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Orhan Pamuk On Pandemics, Press Freedom And An Eye On Erdogan's Defeat

Nights of Plague is the latest book by the Turkish Nobel Prize winner, a fictional rendering based on historical reality that draws parallels (political and health-wise) between the past and the present.

Orhan Pamuk at an event.

Orhan Pamuk won the Nobel Prize in Literature in 2006.

Manuel Ligero

MADRID — Orhan Pamuk is a kind of Bosphorus Bridge of literature: He unites two continents, two cultures, two philosophical and religious visions that have, over the centuries, tenaciously turned their backs on each other.

In his country, as the authoritarian drift of President Recep Tayyip Erdogan has deepened, the author and public intellectual has progressively become a thorn in the side of the government. However, his run-ins with the Islamo-nationalist regime have not made a dent in his cheerful and optimistic personality.


Pamuk does well to hide his Hüzün, that particularly Turkish feeling of melancholy that infuses his autobiographical book "Istanbul," which is a version of the Portuguese Saudade, mixing local doses of fatalism and dark humor.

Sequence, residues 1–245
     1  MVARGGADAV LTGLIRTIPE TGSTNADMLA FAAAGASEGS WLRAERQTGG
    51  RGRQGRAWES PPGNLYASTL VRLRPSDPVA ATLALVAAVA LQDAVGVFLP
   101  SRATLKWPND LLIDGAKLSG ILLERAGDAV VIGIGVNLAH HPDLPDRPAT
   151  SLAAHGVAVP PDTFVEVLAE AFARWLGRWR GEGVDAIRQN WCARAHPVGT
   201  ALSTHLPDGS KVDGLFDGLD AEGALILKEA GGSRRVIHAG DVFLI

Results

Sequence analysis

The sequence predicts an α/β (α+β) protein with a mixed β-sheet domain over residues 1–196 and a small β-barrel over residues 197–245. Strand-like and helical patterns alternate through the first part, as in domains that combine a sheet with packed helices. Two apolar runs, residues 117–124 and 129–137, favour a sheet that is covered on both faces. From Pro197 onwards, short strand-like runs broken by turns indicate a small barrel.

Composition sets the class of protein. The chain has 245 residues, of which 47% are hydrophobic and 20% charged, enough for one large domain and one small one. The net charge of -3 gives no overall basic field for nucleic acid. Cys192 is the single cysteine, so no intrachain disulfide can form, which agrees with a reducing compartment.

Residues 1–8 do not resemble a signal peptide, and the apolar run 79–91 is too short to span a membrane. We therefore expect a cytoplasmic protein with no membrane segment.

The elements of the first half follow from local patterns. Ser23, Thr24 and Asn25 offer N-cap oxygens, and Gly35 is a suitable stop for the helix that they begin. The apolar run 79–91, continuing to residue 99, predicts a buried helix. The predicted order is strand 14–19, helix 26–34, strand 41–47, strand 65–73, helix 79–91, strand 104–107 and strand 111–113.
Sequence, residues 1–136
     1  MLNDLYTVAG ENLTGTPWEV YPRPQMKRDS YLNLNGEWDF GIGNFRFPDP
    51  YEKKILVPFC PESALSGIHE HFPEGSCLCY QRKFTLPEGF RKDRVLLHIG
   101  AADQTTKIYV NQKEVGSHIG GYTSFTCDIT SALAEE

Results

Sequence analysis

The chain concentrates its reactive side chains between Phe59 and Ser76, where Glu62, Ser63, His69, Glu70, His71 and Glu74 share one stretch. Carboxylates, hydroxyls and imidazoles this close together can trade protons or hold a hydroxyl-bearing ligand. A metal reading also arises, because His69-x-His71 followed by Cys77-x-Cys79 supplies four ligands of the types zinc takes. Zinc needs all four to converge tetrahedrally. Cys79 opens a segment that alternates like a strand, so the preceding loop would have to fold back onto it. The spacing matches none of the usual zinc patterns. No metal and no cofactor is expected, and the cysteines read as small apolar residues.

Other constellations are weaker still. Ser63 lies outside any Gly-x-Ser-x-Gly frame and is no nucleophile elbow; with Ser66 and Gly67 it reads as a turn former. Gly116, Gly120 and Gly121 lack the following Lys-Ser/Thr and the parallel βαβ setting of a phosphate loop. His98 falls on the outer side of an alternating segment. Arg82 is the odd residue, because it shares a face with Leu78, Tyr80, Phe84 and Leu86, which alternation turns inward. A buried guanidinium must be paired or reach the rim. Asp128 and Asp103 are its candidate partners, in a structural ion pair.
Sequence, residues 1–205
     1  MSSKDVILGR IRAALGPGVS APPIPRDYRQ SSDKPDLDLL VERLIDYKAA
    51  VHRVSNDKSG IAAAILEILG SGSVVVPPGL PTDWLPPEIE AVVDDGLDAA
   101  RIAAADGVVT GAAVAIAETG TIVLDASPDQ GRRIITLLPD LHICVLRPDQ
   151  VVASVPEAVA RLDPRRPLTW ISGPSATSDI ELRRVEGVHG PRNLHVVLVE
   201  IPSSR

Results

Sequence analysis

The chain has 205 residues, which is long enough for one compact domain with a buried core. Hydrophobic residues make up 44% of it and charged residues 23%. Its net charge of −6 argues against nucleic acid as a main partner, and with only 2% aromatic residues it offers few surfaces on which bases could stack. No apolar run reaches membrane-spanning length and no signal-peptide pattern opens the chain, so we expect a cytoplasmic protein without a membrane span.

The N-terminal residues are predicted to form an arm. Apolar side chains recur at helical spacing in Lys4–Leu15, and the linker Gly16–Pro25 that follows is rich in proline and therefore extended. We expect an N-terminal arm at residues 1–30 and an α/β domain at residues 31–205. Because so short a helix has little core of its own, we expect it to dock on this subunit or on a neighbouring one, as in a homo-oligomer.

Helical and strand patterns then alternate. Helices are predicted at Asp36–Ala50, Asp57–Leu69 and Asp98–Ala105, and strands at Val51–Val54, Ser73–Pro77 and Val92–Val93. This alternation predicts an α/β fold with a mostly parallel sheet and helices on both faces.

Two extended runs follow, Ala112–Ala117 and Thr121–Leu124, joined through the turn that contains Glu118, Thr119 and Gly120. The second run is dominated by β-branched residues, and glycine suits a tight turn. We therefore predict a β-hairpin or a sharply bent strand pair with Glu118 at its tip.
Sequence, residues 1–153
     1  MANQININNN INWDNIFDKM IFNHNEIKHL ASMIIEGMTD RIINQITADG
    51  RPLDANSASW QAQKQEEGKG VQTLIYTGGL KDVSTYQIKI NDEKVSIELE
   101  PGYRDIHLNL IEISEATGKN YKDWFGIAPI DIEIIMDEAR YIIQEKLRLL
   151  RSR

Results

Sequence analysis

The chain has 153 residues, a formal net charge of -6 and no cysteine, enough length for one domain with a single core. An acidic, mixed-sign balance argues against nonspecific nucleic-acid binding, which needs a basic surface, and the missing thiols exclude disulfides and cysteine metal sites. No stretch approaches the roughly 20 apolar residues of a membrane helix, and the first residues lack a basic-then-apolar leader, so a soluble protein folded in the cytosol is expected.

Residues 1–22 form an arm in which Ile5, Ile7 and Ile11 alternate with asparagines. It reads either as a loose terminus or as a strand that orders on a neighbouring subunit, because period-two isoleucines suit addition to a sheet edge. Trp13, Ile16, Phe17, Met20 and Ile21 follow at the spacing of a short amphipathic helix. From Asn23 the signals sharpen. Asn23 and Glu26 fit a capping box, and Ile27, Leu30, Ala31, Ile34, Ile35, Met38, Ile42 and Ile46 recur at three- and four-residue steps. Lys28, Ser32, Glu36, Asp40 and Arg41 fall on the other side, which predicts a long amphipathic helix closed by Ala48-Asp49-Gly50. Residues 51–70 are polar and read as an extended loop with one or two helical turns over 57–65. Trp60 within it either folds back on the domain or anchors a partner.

Fiction meets reality

Translated into more than 80 languages and deeply in love with the craft of writing, Pamuk does not hesitate to describe himself as "a lucky man" and offers glimpses at what no one else in our world marked by war, pandemic and the rise of the extreme right might be able to see: a better future.

In his latest novel, Nights of Plague, he mixes real and fictional characters to tell a story of politics, crime-solving, and healthcare crises. The action takes place in 1901, in Minguer, an imaginary island in the Mediterranean — "inspired by Crete", he reveals — in which the bubonic plague breaks out. The Ottoman Empire tries to contain the disease so that it does not spread across the continent, and is forced to impose strict sanitary measures that upset part of the population and provoke a government crisis.